Originally published in the San Antonio Express-News, February 27, 2005
by Susan Ives

The dishwashing job was hers, I told Margie. Minimum wage, $1.75 an hour, but they throw in breakfast and lunch. Good food: I help cook it.

The boss took some convincing. I filled in for a woman who needed summers off to be with her school-aged kids, but he wanted a dishwasher for the long haul and, like me, Margie would be going back to college in the fall.

“How long did the last man stay?” I challenged. Four days. And the one before him? A week. It’s a crummy job. The two guys you have now probably won’t last the month. If Margie stays until Labor Day she would beat the longevity record.

It’s dirty work, he added. Sweaty. Heavy lifting. Margie’s built like a tank, I assured him, the shortstop on my softball team. She got the job.

On her first payday Margie joined me at the lunch table, trembling with rage. The two male dishwashers were making $2 an hour, they bragged. She worked just as hard as they did. It’s not fair!

It’s more than unfair, I told her. It’s illegal. I was majoring in political science and knew all about the Equal Pay Act of 1963: equal pay for equal work. We’ll confront the boss and make him raise your pay.

Margie was shy. I’m not. I’ll do the talking, I assured her. The boss waffled. They’ve been at the job longer, he said. They’ve been here a month, I reminded him. Did you start them at minimum wage? Will Margie get a raise after a month? Well, no, she wouldn’t.

He eventually got to the point. They were men, he said, and obviously doing all the heavy lifting. Obviously? The dishwashers were lazy, scrawny weasels who disappeared whenever there were heavy trays to lift. Show him your muscles, Margie. Want to arm wrestle for that 25 cents an hour?

I slipped in some stuff about the Equal Pay Act, the constitutional law course I took sophomore year and, in desperation, my Uncle Otto, the lawyer.

Margie got her raise. My first, but certainly not last, confrontation with discrimination in the workplace.

March 8 is International Women’s Day. Unlike women’s history month, which is inclined to commemorate the achievements of famous women, or Mother’s Day, which honors motherhood, International Women’s Day celebrates the struggles of women in the workplace.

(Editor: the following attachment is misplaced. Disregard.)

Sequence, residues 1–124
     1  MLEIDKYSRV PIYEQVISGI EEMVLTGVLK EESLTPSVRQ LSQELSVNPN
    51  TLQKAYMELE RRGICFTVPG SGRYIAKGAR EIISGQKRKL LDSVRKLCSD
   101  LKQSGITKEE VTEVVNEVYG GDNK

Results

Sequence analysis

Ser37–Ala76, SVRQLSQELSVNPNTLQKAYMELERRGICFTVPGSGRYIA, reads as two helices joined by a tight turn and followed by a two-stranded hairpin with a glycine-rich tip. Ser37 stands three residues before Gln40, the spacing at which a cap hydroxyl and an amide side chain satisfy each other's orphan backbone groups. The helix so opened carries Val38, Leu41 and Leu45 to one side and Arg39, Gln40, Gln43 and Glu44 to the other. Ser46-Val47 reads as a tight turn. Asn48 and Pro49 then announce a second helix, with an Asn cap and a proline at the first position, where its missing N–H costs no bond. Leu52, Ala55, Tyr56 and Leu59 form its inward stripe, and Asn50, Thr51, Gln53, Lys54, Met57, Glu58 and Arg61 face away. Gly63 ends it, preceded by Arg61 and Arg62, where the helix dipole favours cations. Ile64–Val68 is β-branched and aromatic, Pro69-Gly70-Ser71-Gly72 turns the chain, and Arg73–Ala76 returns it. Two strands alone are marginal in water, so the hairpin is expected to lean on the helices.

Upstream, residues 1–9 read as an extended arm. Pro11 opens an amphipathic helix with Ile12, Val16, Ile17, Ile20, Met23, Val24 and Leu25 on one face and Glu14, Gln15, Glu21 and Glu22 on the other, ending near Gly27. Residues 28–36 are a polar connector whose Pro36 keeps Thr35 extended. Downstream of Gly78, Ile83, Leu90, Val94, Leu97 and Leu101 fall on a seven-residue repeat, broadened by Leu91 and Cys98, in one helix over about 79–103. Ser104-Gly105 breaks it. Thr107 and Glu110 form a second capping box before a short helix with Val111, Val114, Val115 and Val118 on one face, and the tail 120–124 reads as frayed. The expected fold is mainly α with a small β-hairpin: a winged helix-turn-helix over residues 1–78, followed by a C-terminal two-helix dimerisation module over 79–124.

Women in the factories and mills. Maids, seamstresses, telemarketers, sales clerks, waitresses, teachers and nurses. Women who struggle to balance family and work obligations, women who face discrimination and harassment. Women passed over for promotion and tenure. Women who never get offered the job because “she’ll just be off having babies in a year or two.”

Women who dread a call from the school saying that their child is sick, women who spend so much on child care it’s barely worth it to work. Women who work two jobs and still can’t pay the rent.
Women like Margie who need that extra $10 a week. Women like you and me.

The first International Women’s Day was celebrated in 1911, mobilizing a “sea of women,” as one observer noted, to agitate for the right to vote and be accepted as equals in the workplace. Every year since then, women have been marching, marching, marching to celebrate our triumphs and organize for the work that still remains.

Today, women earn 73 cents for every dollar a man makes. It’s like working for a month and getting paid for three weeks. It’s worse for women of color. African American women earn 64 percent of every dollar earned by white men, and Hispanic women earn 52 percent. Even when you consider differences — in work experience, education and seniority — about half of that gap remains unexplained.
Progress is slow. When the Equal Pay Act was passed in 1963, women earned 59 cents on the dollar compared to men. The wage gap has changed at a rate of less than half a penny per year.

San Antonio women will march on March 5, starting at 10 a.m. at Elmendorf Park. I’ll be there with my sisters, showing my muscle.

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